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In today’s Prescription we’re talking about rewriting for actors. Read on!
We’ve all seen it at the movies – that moment when an actor utters a line that doesn’t quite convince. Or worse, an actor plays a character that doesn’t quite sit with them altogether.
Let’s go behind the scenes. You’ve spent years on your draft, plotting, planning, rewriting. You’ve spent even longer getting the money and the locations together. And here you are now, with a cast, on set and things just aren’t clicking.
Every line feels like a lie and you don’t know what to do.
It doesn’t make sense because it all sounded perfect in your head. Nobody flagged it up in development. And now you have a very real problem with the clock ticking…
If you’re reading this before production, you’ve REALLY got to spend time focusing on what is absolutely correct in the casting process. Hire a good casting director and do multiple callbacks to be certain. Make sure that actor really IS the character. Workshop scenes. If you’re close with the actor then make it closer. Do everything you can to avoid last minute confusions/problems.
We’re going to assume here that you were diligent in the casting department, that you saw the actors perfect for the parts and cast them – but still, that dialogue comes out flat, lifeless and unconvincing.
Now the chances are you’ve fallen into the trap that many do, of staying TOO loyal to your imagination (or someone else’s) and are not flexing to the realities of film-making.
We’ve all been willing to change the shot, the costume, the location because the situation dictates it but, for many filmmakers, the dialogue somehow becomes written in stone and unchangeable. Sometimes it can be lack of a writer present on set, sometimes it’s lack of time – sometimes it’s stubbornness.
Don’t get caught up in making the actor repeat the same line over and over again hoping that changing the inflection or speed will suddenly make the line sound like you’d originally imagined it to. It might not be the performance, it could be the line.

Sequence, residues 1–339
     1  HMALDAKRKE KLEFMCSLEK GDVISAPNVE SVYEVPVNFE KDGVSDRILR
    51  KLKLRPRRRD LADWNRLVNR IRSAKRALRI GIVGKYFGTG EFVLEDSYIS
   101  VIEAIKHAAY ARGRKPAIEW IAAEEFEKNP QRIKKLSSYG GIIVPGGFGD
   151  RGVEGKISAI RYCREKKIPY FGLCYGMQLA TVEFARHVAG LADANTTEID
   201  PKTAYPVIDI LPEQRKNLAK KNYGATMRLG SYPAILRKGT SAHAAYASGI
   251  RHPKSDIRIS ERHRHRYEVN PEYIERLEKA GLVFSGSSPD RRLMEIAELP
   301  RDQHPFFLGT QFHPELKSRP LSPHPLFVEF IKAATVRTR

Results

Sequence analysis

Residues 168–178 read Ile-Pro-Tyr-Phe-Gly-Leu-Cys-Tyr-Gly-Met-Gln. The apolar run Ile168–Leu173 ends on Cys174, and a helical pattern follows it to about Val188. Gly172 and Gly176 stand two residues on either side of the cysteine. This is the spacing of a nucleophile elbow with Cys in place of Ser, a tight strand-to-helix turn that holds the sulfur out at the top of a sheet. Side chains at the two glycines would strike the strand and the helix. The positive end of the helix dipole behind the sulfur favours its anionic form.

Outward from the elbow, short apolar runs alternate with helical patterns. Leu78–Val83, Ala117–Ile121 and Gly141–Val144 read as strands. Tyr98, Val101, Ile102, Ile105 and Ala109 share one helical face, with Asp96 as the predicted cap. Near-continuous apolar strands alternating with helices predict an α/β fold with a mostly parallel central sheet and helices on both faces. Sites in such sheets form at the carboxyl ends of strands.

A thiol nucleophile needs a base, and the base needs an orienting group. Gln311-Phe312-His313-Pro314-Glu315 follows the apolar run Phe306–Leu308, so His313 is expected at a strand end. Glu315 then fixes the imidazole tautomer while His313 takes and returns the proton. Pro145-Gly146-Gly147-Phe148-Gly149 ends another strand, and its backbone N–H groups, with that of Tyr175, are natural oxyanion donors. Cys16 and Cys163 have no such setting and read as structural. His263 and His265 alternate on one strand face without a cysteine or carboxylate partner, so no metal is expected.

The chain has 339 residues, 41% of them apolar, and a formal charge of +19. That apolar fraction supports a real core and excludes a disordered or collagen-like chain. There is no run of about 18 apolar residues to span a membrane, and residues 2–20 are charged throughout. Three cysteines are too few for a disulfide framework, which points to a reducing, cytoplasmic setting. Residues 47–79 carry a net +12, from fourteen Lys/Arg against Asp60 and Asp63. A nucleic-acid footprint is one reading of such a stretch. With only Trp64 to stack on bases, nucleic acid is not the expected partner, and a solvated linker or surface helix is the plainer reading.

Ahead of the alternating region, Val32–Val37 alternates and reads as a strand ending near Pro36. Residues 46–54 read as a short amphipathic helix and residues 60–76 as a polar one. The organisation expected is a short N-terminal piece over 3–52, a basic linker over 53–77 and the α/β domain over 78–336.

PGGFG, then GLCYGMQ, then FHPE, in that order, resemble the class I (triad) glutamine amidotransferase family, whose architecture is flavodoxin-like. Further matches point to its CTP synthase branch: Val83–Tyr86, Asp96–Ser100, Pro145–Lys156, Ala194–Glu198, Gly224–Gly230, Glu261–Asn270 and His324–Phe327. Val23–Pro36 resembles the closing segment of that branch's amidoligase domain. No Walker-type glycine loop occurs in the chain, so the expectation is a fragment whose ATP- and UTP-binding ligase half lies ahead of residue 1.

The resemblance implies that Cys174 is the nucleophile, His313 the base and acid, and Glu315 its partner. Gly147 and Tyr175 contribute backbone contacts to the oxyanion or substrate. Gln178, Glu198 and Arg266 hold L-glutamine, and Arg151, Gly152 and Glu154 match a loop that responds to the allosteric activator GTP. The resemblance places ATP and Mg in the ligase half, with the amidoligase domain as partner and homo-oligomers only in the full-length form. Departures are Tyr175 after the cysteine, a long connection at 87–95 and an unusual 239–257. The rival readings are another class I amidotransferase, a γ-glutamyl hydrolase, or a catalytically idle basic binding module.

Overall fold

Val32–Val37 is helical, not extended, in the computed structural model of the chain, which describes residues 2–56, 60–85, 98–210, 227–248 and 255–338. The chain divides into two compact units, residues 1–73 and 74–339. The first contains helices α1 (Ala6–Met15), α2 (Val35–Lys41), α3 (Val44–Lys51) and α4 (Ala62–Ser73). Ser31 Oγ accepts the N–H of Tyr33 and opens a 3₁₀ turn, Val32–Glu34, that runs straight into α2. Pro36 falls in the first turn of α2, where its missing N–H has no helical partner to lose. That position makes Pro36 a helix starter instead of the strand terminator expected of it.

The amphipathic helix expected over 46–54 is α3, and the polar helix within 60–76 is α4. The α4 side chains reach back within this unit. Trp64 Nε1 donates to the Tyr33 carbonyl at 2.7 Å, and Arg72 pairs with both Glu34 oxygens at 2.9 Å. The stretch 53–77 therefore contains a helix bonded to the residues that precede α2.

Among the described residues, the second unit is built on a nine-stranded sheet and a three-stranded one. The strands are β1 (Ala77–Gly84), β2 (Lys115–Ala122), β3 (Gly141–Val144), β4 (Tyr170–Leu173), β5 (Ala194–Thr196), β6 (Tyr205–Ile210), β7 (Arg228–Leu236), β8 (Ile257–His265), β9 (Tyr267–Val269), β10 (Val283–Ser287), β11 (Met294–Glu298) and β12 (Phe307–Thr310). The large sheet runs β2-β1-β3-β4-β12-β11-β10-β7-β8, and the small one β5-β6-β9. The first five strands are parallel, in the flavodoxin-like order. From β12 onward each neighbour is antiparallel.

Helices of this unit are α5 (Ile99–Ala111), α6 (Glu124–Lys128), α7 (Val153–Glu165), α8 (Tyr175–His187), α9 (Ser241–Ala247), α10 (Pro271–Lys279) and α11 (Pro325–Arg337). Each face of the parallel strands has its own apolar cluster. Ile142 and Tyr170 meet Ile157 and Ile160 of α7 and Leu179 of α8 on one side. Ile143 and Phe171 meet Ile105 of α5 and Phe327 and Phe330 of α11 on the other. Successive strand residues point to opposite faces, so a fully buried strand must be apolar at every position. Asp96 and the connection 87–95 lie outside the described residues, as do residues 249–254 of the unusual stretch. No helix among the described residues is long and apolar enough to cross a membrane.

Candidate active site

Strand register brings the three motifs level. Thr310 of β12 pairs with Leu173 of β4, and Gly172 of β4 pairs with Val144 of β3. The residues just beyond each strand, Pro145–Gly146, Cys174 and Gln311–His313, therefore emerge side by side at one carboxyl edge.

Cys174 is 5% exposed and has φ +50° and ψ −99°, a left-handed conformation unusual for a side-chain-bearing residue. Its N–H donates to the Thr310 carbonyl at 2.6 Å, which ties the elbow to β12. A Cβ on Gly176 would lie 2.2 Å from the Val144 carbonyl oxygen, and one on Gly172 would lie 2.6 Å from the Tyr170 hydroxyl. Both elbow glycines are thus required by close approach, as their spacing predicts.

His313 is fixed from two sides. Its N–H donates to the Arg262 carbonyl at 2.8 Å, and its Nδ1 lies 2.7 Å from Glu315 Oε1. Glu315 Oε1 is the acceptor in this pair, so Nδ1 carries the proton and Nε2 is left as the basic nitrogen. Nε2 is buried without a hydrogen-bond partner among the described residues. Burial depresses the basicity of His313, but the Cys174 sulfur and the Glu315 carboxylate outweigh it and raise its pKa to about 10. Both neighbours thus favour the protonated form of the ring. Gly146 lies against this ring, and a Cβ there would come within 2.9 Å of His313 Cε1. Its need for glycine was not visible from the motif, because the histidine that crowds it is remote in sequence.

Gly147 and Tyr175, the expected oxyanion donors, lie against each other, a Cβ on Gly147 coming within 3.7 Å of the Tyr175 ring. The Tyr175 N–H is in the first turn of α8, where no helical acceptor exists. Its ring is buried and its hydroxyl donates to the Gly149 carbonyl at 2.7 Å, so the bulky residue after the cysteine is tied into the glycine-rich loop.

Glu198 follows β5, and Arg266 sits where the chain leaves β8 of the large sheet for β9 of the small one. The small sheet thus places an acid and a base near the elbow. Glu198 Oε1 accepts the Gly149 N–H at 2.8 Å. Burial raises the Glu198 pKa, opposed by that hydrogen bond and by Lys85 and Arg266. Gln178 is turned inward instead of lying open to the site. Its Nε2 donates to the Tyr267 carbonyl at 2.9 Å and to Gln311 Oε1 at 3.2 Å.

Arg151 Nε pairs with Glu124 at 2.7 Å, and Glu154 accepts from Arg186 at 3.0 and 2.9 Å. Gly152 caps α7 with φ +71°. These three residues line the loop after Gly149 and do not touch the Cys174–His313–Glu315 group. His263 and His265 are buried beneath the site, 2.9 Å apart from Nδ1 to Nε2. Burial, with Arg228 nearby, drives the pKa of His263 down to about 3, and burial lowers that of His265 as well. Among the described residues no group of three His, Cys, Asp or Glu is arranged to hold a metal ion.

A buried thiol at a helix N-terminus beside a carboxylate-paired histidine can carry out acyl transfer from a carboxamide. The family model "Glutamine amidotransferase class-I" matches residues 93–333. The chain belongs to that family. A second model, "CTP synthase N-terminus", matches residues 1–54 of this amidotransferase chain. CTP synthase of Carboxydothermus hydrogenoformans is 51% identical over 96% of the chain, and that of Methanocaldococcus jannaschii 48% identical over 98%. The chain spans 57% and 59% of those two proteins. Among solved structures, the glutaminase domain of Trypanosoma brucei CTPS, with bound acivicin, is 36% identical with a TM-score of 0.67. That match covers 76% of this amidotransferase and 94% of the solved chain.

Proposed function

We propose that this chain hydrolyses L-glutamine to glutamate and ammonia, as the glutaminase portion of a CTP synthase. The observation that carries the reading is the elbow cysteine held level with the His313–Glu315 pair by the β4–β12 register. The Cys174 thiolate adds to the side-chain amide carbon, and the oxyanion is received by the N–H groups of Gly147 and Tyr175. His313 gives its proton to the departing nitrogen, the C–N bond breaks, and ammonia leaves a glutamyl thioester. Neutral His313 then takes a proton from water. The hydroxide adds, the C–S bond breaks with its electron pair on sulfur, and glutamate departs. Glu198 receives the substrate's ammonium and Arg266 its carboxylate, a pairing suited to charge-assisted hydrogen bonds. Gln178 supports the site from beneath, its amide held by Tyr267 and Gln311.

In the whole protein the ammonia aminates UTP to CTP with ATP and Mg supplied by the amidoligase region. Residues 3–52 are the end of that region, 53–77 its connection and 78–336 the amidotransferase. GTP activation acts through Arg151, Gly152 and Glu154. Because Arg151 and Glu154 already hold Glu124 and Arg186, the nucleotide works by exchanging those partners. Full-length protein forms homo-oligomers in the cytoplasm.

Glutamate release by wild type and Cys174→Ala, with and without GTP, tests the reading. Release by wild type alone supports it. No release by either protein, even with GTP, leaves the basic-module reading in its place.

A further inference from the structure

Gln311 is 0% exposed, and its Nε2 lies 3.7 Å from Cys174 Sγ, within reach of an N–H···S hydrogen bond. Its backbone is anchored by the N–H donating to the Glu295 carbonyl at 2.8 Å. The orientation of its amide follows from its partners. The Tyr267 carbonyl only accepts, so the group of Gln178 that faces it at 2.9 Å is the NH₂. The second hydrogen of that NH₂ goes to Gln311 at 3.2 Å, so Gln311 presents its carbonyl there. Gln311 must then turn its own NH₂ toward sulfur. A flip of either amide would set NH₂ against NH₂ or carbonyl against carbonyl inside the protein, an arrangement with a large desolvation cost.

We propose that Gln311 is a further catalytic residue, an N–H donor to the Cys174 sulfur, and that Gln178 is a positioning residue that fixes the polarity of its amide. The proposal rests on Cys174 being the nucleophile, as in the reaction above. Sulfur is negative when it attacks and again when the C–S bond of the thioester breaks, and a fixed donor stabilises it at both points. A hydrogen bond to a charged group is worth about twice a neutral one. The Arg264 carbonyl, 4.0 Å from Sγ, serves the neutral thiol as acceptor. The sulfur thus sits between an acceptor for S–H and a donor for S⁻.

Dialogue rewrites are usually essential in the run up to a shoot and on the day when actors breathe life to the page. Don’t see it as ‘a drag’ or a mistake. It might be under-looked at Film School or other classes but dialogue rewrites after casting are a natural part of the process.
Why should it change?
Film is not theatre, where the director must be loyal to the playwright. It’s not Shakespeare, where the text is crafted in rhyming couplets and must be performed as written.
Film dialogue is not designed to be preserved and honoured – it can change, often for the better.
Your dialogue may need changing for a myriad of reasons:
- Perhaps you were picturing Cary Grant and Katherine Hepburn when you wrote your rapid-fire exchange and the actors available are a little more Rock Hudson and Doris Day. (I.e. the actors don’t fit the character 100% or vice versa).
- Perhaps you’ve been subject to a last minute cast-change (someone dropped out or the schedule changed).
- Perhaps it just doesn’t ‘feel right’ on the day.
Approaching the Dialogue Rewrite
Firstly, we must make it clear that your rewrite will very much depend on the level of talent you are working with, the time you have available and the character/scenes in need of changing. Make sure you have a short list of things you’ll need to ask yourself if something isn’t quite right.